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When all else fails, ham radio works

When things go sideways, the all-volunteer Santa Cruz County ham radio communications team says, “No Phone, No Electricity, No Problem.”

The Amateur Radio Emergency Service (ARES), long known as ham radio operators, is a national association for hams. The 75 members of the Santa Cruz chapter help in wide range of activities and events including emergencies. They create backup radio communications networks from their homes or vehicles, relaying information where needed or when traditional systems aren’t available.

“All ARES members are ham radio operators and maintain an FCC-issued amateur radio license,” explained Patrick Hung, Santa Cruz ARES member. “We’re continuously training and ready responders for a range of needs. These can be helping event organizers keep track of activities, to locating missing people or connecting emergency agency personnel when their radios become inoperable.”

Continuous readiness

ARES members participate in countywide communications drills with Community Emergency Response Teams (CERT) and weekly statewide communications drills with city and the county Emergency Services Office to maintain preparedness.

“ARES is an integral part of the county’s emergency services,” said Michael Beaton, who directs the county’s General Services Department and Emergency Operations Center. “ They were instrumental during the CZU fire and gave us a big lift. They’re very well versed in emergency response and a great group of folks.”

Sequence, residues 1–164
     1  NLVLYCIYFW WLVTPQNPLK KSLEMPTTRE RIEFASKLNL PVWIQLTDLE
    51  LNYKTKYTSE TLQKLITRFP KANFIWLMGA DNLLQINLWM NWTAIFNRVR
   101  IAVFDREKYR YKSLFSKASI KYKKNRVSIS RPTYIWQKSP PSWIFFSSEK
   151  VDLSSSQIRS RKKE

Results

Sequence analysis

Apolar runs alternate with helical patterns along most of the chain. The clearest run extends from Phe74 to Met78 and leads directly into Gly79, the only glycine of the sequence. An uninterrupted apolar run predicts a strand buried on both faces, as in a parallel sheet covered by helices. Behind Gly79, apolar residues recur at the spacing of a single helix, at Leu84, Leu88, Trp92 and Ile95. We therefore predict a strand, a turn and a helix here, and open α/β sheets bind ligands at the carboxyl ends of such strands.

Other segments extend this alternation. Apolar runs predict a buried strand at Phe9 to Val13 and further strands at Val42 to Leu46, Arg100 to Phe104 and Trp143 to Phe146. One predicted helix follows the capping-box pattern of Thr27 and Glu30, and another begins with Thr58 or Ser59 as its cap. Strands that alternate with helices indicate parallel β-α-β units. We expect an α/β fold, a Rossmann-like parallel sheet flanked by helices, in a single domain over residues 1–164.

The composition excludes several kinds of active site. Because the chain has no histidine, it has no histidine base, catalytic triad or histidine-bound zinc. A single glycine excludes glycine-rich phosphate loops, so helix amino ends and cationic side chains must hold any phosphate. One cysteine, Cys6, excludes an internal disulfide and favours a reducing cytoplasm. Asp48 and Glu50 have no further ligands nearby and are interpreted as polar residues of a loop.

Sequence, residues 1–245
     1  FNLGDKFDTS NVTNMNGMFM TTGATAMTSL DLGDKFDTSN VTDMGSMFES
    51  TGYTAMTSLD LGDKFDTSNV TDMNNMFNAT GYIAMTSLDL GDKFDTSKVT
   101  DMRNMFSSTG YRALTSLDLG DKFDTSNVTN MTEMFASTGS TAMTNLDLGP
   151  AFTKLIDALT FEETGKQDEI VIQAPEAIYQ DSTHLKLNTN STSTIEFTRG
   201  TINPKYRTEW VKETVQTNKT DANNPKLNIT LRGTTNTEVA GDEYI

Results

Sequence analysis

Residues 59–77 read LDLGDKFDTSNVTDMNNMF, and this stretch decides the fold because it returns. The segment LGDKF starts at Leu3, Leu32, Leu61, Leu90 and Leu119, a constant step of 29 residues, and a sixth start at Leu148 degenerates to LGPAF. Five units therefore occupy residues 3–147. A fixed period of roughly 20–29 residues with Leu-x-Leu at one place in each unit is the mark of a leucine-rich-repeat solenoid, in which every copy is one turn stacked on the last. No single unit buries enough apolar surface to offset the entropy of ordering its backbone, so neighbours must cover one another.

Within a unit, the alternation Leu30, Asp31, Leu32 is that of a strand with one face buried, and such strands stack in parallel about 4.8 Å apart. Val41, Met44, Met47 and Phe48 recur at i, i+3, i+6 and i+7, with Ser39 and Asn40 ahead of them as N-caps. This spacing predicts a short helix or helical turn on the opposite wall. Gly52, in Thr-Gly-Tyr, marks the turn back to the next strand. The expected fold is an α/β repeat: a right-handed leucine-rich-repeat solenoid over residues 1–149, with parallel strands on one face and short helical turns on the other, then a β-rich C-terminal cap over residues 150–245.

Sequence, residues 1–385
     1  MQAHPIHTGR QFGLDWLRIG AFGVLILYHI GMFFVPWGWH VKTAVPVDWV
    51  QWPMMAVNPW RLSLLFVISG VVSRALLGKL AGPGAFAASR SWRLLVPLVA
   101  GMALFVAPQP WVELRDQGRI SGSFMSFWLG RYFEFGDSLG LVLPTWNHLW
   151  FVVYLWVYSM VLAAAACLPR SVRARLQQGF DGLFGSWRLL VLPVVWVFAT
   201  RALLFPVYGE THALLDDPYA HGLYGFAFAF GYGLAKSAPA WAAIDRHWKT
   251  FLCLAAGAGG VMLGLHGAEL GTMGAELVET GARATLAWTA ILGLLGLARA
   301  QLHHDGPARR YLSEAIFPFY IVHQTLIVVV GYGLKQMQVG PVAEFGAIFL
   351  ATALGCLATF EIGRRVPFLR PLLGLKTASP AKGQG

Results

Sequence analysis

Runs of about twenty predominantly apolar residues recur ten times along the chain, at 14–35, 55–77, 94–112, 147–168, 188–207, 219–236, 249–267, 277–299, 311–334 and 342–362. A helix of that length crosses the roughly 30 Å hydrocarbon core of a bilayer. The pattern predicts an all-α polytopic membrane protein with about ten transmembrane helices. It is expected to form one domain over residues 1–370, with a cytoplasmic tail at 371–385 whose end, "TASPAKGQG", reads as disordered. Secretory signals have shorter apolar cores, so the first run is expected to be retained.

Beaton became an ARES fan and now is a ham operator himself.

During the 2020 CZU August Lightning Fire, local members provided communications to Equine Evacuations. They coordinated horse transportation at stables in the mountains when many forms of communications were out. Backup communications at the fairgrounds were provided for arriving evacuees needing shelter. ARES stationed members on-site 24/7 for a number of days, operating alongside CERT members.

More often ARES creates communications for local events including the Aptos July Fourth parade, Fire in the Sky airport fireworks, Santa Cruz County Fair, Fireworks 50 horse endurance race, Santa Cruz Triathlon and the Strawberry Fields Forever and Sea Otter Classic.

Bob Fike, the ARES chapter’s emergency coordinator and ham operator since 1990, loves being part of the organization and appreciates the growing community interest.

“We’re training 50 or 60 new members a year and have a ‘no-egos’ team,” Fike explained. “Our communications are extremely local and mobile. It can be linked to CERT team members with multi-use radios. I appreciate helping keep our community as safe as possible. It’s like a church choir, amateur volunteers but very professional. We do take donations if event organizers choose to do that,” he adds.

Why do they call it ham radio? The name “ham” is derived from the call letters of the first amateur wireless station operated by members of the Harvard Radio Club in 1908. They were Albert S. Hyman, Bob Ablmy and Poogie Murray. They decided to use the first letter of each last name as the station’s call or identity and became the first ham operators.

Ford Kanzler is a Watsonville resident.


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